Isenberg students take the robotics challenge
By Rebecca Rider
In Anthony Johnson’s class at Isenberg, students gather around a long table lined with obstacle courses. Michelle Cartwright sets a robot, made of Lego blocks, on the table and starts it up. It moves across a printed blue seascape, maneuvers past a plastic octopus and turns, headed for a tower of blue and yellow blocks. It misses.
“Someone messed with the code again,” she yells, looking over at a table where her classmates type on laptops.
The 16 students in Johnson’s class built the robot themselves, using a “Lego League” robotics kit. The obstacles on the table, from the push-timed “composter” to a mini, functioning dumpster were all constructed by the class.
The Lego League is a robotics tournament sponsored by Cyberkids Robotics, a non-profit based in Lenoir that promotes STEM education and robotics opportunities to kids in North Carolina and neighboring states.
The organization works as a third-party, providing equipment and funding for schools. Marketing Director Logan Burchette said a lot of schools don’t have the resources to keep up with the new models and sets Lego puts out every year.
“A lot of schools, they love the idea of it,” he said, “but they can’t afford to spend $600 every year on robot equipment.”
Having a third party facilitate a robotics program like the Lego League also ensures that the program is consistently available and doesn’t collapse when a specific teacher or administrator leaves.
“That’s mainly why this program exists,” Burchette said, “ so everyone in Rowan gets a chance.”
After Burchette spoke about Cyberkids Robotics at the Rowan Rotary, the organization received a donation that fully funded six Lego League teams in Rowan County schools. All he had to do was find them.
Johnson said he first heard about the program from Isenberg’s Assistant Principal, Nita Jarvis.
“She just called me and said, ‘I got something for you,” he said.
Johnson, a fifth-grade science teacher, specializes in STEM and robotics and believes in hands-on teaching. The Lego League is just one of the robotics projects his students have participated in, and it fits in well with his STEM and collaboration goals. And his students love it.
“They have stepped up to the challenge,” Johnson said, “all I had to do was mention competition. They’re working very hard.”
Burchette started working with the students in October. He visits the classroom about once a month for an hour and a half of training and troubleshooting, but Johnson said the kids work on it a little each day.
Lego puts out a different kit, with a different theme and challenge every year. This year’s theme is recycling. The robots have to take out the trash, collect compost and move animals.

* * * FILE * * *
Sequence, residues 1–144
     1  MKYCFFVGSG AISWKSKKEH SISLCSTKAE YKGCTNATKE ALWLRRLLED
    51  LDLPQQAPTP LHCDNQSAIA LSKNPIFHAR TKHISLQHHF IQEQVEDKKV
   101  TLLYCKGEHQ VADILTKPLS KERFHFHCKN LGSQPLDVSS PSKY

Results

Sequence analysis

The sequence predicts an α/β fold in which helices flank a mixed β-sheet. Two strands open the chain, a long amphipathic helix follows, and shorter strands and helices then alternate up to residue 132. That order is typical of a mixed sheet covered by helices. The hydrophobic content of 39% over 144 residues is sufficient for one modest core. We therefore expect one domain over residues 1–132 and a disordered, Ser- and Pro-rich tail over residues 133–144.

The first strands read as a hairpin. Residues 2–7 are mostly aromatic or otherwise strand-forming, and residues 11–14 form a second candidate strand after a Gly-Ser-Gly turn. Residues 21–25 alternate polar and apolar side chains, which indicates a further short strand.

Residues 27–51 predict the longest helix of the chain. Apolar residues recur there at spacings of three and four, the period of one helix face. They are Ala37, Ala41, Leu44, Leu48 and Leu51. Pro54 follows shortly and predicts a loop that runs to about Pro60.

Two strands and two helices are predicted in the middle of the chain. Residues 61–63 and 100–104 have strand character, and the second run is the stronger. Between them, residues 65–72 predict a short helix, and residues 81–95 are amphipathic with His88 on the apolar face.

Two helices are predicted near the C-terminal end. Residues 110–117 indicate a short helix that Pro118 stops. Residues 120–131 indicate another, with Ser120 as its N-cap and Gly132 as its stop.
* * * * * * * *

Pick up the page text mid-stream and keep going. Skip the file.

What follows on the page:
It requires a lot of precision with angles and rotations. The button to dump the composter requires a perfect hit to start the clockwork-like process.
And even though the robots are made of plastic blocks, with pull-apart parts that the kids examine and exchange, the programing and function is exactly the same as professional grade machines.
“Basically if you made that robot bigger it’d be the Mars rover,” Burchette said.
Student Hannah Schmeltzer said there’s a lot of troubleshooting involved to get the robot perfectly on task.
“We have to change the programing just about every time,” she said.
Student Julian Beltran estimates that the programming is only 40 or 50 percent complete. And it took a lot of time to get the base program and the robot design right.
“It took, I don’t know, around 20 attempts, that’s what it felt like,” he said.
Beltran said he loved the programming side of the challenge, and that he was fascinated to see how ideas put into code were translated into action with the robot.
And while there’s still a lot of work to do, Johnson’s class has until April 25. In the meantime, the students plan to have fun. Schmeltzer said the robot design and concept is so easy that she’s tried building one at home.
“Anybody can do it,” she said, “You don’t have to be in a classroom . . . you can build it with anything.”
Her attempts have been unsuccessful. So far, at least.
Cartwright said she loves the creativity of it.
“It’s fun to make your own, and you look like you’ve done it yourself,” she said. “Usually technology like this looks pretty complicated, so when you can do it yourself you feel like you’ve accomplished something.”
The two Isenberg teams will compete against 11 other teams from Rowan County on April 25 at China Grove Middle School.
Contact reporter Rebecca Rider at 704-797-4264.
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